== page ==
The Health Benefits of Walking and Higher Step Counts

Lisa Fields
by Lisa Fields
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The Health Benefits of Walking and Higher Step Counts

You may have heard walking 10,000 steps per day is the holy grail. While it’s a great goal, especially if you’ve been sedentary, it’s actually an arbitrary number that isn’t right for everyone. Some people may be able to surpass 10,000 steps easily. Others may feel intimidated by the number and decide not to make an effort if they feel like it’s unattainable.

Research shows health benefits to increasing your step count, even if you’re walking fewer than 10,000 steps per day.

THE PROBLEM WITH BEING SEDENTARY

It can be easy for people who drive to work (or work from home) and sit at a desk most of the day to fall into sedentary habits, defined by less than 5,000 steps per day. In fact, the average American walks just 1.5–2 miles (or roughly 3,500–4,000 steps) a day. When you’re sedentary for long periods, it can lead to health issues such as an increased risk of heart disease, high blood pressure and obesity.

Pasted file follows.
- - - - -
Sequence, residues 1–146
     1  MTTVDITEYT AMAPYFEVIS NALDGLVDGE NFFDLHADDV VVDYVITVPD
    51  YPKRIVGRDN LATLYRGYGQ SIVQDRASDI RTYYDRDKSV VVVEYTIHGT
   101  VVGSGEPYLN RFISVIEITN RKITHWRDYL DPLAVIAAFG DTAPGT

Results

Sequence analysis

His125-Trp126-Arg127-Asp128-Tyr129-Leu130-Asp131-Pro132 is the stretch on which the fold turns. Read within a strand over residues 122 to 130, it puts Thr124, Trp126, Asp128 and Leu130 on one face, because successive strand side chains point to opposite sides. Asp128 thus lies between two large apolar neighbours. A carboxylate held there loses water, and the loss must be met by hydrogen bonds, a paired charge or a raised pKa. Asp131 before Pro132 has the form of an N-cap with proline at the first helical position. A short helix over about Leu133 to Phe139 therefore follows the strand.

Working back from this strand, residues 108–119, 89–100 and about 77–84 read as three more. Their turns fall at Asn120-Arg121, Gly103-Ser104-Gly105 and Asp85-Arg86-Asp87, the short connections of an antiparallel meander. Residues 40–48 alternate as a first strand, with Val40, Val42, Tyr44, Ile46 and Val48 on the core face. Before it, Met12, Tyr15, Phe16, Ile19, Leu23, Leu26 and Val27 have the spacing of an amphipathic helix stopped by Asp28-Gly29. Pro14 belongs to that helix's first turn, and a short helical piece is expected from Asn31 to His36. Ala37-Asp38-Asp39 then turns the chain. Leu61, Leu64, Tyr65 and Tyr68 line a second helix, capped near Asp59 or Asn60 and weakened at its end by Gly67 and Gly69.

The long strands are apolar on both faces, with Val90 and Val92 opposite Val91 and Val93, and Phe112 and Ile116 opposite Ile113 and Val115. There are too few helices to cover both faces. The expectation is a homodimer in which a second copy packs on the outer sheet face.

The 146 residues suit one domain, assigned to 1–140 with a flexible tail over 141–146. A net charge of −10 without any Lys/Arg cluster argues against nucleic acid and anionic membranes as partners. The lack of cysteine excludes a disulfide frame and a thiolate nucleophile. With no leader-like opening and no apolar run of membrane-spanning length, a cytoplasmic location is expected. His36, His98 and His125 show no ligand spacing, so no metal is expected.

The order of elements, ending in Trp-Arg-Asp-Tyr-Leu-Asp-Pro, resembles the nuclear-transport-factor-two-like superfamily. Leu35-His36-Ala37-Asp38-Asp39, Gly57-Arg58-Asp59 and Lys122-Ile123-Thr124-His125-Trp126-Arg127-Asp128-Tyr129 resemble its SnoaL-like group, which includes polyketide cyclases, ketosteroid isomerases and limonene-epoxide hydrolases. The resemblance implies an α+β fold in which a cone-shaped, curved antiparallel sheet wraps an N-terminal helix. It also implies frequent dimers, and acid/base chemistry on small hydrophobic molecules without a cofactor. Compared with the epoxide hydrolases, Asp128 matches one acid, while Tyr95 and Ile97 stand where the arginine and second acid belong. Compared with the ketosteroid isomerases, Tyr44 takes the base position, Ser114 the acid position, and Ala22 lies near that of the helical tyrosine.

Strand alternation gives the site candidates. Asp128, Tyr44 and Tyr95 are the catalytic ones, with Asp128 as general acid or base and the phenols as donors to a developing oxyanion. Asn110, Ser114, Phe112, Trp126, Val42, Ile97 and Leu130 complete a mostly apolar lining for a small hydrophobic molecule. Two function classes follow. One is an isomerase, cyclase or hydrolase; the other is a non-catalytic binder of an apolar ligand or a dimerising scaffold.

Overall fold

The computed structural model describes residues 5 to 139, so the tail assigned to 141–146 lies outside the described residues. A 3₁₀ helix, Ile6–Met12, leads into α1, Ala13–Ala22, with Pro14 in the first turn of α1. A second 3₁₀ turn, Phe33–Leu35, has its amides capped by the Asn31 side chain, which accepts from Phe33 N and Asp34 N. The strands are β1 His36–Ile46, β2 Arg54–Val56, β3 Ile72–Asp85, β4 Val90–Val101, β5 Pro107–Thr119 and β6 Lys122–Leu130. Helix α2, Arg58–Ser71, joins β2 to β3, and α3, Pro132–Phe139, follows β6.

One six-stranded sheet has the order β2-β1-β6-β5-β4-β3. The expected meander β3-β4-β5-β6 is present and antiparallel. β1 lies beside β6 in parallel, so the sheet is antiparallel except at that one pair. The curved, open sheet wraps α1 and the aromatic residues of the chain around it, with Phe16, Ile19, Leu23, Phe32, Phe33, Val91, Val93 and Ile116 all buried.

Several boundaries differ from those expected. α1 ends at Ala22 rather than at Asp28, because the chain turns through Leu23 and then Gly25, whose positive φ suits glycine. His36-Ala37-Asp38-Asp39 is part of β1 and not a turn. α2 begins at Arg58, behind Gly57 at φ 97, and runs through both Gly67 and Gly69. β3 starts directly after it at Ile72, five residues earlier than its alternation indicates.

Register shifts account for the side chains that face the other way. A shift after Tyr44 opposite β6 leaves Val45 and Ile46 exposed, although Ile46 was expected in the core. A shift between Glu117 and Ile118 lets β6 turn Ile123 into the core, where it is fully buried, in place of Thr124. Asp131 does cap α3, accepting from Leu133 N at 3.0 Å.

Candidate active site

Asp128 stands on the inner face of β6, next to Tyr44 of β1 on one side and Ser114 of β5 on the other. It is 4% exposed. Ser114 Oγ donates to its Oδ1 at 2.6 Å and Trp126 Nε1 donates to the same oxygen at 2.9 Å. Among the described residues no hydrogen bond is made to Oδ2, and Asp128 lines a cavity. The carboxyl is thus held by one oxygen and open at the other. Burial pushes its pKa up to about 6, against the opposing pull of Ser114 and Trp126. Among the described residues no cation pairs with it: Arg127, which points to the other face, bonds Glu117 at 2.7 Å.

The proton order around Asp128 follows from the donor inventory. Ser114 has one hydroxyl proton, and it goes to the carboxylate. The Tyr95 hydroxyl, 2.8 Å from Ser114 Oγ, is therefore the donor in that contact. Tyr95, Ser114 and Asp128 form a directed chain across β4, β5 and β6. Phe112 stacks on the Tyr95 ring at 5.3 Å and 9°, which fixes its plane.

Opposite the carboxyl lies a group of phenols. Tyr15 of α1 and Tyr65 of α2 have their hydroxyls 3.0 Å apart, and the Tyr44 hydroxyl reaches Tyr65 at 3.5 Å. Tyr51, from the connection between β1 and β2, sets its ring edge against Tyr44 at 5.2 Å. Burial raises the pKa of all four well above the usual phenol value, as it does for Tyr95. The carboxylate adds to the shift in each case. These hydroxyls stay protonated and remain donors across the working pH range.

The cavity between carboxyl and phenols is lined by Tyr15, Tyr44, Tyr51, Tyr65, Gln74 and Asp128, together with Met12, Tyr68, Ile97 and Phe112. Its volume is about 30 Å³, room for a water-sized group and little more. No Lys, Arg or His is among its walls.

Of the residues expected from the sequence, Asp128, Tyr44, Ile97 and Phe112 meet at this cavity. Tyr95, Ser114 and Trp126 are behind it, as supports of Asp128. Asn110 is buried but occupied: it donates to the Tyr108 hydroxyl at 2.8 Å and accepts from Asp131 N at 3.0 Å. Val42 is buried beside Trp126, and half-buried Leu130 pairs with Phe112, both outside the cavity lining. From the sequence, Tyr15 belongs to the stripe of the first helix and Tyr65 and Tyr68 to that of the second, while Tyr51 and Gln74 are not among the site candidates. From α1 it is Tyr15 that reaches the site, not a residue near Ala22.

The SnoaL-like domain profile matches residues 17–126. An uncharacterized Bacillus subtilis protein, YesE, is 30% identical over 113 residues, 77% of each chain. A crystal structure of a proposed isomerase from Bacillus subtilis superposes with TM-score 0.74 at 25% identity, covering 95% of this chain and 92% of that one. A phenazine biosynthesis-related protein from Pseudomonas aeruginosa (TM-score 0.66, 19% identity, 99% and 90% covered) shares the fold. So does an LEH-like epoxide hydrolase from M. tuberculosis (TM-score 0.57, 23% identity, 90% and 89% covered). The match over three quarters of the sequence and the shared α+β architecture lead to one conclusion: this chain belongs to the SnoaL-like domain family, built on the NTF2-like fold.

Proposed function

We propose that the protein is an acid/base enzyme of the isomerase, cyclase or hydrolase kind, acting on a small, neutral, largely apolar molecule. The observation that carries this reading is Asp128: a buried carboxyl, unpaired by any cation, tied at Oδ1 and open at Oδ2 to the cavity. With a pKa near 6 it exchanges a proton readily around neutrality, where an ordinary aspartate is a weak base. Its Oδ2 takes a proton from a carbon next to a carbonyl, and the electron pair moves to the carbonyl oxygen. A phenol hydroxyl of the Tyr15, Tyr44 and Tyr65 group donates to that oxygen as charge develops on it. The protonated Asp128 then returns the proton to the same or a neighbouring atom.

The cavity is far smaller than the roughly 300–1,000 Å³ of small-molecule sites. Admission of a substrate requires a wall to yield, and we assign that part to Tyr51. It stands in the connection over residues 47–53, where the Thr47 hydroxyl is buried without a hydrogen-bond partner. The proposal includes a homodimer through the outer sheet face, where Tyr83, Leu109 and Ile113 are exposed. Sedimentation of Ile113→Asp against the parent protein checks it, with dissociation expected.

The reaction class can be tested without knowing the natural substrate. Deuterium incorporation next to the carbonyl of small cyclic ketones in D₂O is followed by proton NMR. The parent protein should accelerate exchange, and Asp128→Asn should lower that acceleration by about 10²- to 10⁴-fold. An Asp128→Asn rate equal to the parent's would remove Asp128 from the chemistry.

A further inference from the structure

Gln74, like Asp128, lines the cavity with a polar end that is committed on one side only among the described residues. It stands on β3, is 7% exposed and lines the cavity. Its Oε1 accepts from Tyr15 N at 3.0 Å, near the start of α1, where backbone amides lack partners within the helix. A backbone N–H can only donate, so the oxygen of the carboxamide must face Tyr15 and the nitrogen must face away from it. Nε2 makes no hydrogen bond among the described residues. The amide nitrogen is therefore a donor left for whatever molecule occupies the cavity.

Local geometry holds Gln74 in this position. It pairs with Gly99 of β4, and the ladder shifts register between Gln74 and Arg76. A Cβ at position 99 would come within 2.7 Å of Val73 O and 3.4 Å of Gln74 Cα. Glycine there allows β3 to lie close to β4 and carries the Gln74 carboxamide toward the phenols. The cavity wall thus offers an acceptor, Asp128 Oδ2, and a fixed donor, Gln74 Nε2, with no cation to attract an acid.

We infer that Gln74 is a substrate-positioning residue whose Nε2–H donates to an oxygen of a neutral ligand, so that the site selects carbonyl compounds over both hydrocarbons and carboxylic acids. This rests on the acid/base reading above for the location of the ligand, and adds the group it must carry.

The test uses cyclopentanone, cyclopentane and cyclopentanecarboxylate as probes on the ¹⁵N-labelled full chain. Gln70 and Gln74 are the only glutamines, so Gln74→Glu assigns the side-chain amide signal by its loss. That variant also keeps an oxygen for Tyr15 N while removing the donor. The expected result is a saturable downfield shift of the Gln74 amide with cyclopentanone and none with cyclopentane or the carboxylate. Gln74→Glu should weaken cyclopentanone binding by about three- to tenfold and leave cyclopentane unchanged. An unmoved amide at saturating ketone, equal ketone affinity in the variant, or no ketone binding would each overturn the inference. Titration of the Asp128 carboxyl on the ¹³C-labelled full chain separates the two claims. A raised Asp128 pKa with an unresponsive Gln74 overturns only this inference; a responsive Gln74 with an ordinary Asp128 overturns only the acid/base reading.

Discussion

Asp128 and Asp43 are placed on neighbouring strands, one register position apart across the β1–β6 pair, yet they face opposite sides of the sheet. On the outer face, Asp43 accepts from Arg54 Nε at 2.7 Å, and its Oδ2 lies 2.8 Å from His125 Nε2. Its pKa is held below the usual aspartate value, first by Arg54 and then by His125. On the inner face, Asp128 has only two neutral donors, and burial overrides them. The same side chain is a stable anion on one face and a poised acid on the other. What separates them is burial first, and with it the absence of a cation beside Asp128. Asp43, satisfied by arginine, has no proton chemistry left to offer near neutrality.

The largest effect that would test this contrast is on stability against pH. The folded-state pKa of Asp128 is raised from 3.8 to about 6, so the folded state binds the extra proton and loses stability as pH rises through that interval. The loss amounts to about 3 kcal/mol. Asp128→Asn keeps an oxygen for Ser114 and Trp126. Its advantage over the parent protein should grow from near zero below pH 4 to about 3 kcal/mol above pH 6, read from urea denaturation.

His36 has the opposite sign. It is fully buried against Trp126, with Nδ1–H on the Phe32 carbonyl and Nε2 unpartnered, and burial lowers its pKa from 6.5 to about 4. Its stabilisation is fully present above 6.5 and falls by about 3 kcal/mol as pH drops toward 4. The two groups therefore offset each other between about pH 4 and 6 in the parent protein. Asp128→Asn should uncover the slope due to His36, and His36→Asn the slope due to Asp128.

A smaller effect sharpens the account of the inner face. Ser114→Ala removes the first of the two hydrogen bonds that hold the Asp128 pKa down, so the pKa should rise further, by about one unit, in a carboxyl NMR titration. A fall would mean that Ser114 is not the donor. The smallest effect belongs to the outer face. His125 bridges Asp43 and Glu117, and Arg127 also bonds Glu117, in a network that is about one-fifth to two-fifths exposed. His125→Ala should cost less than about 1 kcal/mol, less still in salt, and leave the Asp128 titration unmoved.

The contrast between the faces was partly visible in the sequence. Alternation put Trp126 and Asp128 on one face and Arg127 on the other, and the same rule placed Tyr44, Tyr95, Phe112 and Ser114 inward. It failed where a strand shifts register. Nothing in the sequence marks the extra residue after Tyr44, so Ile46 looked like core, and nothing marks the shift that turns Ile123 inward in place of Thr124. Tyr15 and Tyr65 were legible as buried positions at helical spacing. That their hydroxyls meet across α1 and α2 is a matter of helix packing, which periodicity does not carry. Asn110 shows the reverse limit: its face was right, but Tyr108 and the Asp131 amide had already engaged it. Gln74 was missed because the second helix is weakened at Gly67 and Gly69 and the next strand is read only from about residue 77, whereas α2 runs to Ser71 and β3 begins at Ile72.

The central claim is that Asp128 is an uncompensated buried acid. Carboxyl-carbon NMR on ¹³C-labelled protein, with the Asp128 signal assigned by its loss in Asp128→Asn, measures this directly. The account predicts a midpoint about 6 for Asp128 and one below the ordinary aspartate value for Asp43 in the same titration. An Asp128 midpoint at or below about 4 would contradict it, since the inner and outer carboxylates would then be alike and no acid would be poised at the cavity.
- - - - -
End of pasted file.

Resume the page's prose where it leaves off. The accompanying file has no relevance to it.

HEALTH BENEFITS OF HIGHER STEP COUNTS

When you walk more than 5,000 steps per day, the health benefits increase. A review published in the International Journal of Behavioral Nutrition and Physical Activity analyzed 17 previously published studies about step counts, heart disease and causes of death. The average study participant walked about 6,000 steps per day. Researchers found walking 1,000 additional steps per day lowered the risk of premature death from heart disease, stroke and all other causes.

Other research similarly found taking more steps per day lowers your risk of dying of any cause, regardless of your age, gender and race. The study published in the Journal of the American Medical Association showed people who increased their step count from 4,000 to 8,000 steps per day had a 51% lower risk of death from all causes. When they walked 12,000 steps per day, their risk of death from all causes was 65% lower than those who only walked 4,000 steps.